December Graduate Amaya Martinez Mesa Found Home at Carolina
It took just one semester at the University of North Carolina at Chapel Hill and Amaya Martinez Mesa felt like she was home.
“My first semester at North Carolina was definitely a tough transition away from my family and everything I knew,” said Martinez Mesa, “but after that first semester, I felt like I was at home and there was no other place for me to be and grow than here.”
Martinez Mesa will graduate with about 500 of her classmates during the Winter Commencement ceremony at the Dean Smith Center on Sunday. Her journey to this point started in Havana, Cuba, where she lived until she was 12, before moving with her family to Florida. She spent two years in a community college honors program and then, at the urging of an adviser, transferred to Carolina, where she majored in biology with a minor in Hispanic studies.
Here, Martinez Mesa stepped out of her comfort zone to try new things. Along with three classmates, she co-founded Feelin’ DNA, a nonprofit that builds 3-D models to bridge the gap between STEM topics and the visually impaired community. The project started as an assignment in Martinez Mesa’s genetics class. One of Martinez Mesa’s peers had the idea to use 3-D printers in one of Carolina’s BeAM makerspaces to print a double helix to help her better understand the structure of DNA. The project took off from there.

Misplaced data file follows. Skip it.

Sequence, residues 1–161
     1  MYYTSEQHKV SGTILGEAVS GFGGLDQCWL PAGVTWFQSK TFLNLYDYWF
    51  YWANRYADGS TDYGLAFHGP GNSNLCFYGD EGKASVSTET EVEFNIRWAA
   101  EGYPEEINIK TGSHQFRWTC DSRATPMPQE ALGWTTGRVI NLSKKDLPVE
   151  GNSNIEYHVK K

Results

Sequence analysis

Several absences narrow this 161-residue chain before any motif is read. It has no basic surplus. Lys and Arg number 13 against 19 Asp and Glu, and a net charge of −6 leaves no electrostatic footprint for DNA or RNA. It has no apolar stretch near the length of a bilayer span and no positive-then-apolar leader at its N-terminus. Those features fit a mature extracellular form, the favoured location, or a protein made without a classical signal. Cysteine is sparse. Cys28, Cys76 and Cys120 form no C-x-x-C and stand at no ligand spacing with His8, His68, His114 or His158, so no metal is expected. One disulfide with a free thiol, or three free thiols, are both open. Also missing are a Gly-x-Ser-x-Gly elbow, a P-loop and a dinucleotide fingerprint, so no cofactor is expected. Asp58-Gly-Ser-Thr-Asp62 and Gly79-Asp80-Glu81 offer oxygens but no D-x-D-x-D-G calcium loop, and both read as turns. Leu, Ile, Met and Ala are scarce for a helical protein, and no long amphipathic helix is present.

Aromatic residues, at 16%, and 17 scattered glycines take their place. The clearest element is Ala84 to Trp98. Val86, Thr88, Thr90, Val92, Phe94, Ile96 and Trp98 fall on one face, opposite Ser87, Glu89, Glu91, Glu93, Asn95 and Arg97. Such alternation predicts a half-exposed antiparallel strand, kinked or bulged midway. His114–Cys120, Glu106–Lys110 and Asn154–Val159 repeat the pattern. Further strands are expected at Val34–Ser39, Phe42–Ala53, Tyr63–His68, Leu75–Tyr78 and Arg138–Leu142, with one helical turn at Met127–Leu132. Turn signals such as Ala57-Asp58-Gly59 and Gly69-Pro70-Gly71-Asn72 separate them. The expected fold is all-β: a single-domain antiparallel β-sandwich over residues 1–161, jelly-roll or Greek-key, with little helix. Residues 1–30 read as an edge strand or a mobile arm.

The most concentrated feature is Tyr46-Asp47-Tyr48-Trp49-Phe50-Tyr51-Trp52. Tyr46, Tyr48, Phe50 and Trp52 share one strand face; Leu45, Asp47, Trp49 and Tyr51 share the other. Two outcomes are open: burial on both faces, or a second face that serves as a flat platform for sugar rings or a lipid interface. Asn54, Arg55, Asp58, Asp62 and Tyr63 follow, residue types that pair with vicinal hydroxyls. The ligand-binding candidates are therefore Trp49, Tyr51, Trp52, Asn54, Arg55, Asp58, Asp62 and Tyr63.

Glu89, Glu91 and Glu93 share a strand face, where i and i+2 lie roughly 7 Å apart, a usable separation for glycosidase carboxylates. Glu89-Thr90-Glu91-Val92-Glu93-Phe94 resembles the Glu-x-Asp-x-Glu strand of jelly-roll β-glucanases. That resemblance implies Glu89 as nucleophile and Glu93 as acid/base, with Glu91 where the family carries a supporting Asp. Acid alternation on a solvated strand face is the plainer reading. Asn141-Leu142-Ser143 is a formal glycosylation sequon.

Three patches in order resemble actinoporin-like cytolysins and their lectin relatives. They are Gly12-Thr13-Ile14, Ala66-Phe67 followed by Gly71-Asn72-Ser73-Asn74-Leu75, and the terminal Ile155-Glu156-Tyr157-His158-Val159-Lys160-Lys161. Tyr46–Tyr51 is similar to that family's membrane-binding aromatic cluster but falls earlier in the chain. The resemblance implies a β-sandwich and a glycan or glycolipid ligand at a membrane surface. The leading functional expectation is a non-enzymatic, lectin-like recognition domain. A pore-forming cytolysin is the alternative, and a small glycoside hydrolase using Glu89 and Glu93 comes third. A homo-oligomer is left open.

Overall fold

In the summer of 2017, Martinez Mesa worked at a nonprofit in small community in rural Nicaragua. There, her job was to create a nutrition intervention to help the community eliminate anemia and malnutrition in children under five years old.
Before Carolina, Martinez Mesa admits she never would have made the trek to Nicaragua or started a nonprofit.
“I think any limitation I had before I came to Carolina has been taken down,” she said. “Carolina has definitely been a very challenging part of my life but probably the most rewarding because it has taken me out of my comfort zone and shown me what I’m capable of and that I shouldn’t put limits on myself.”
Video by Aaron Moger, University Communications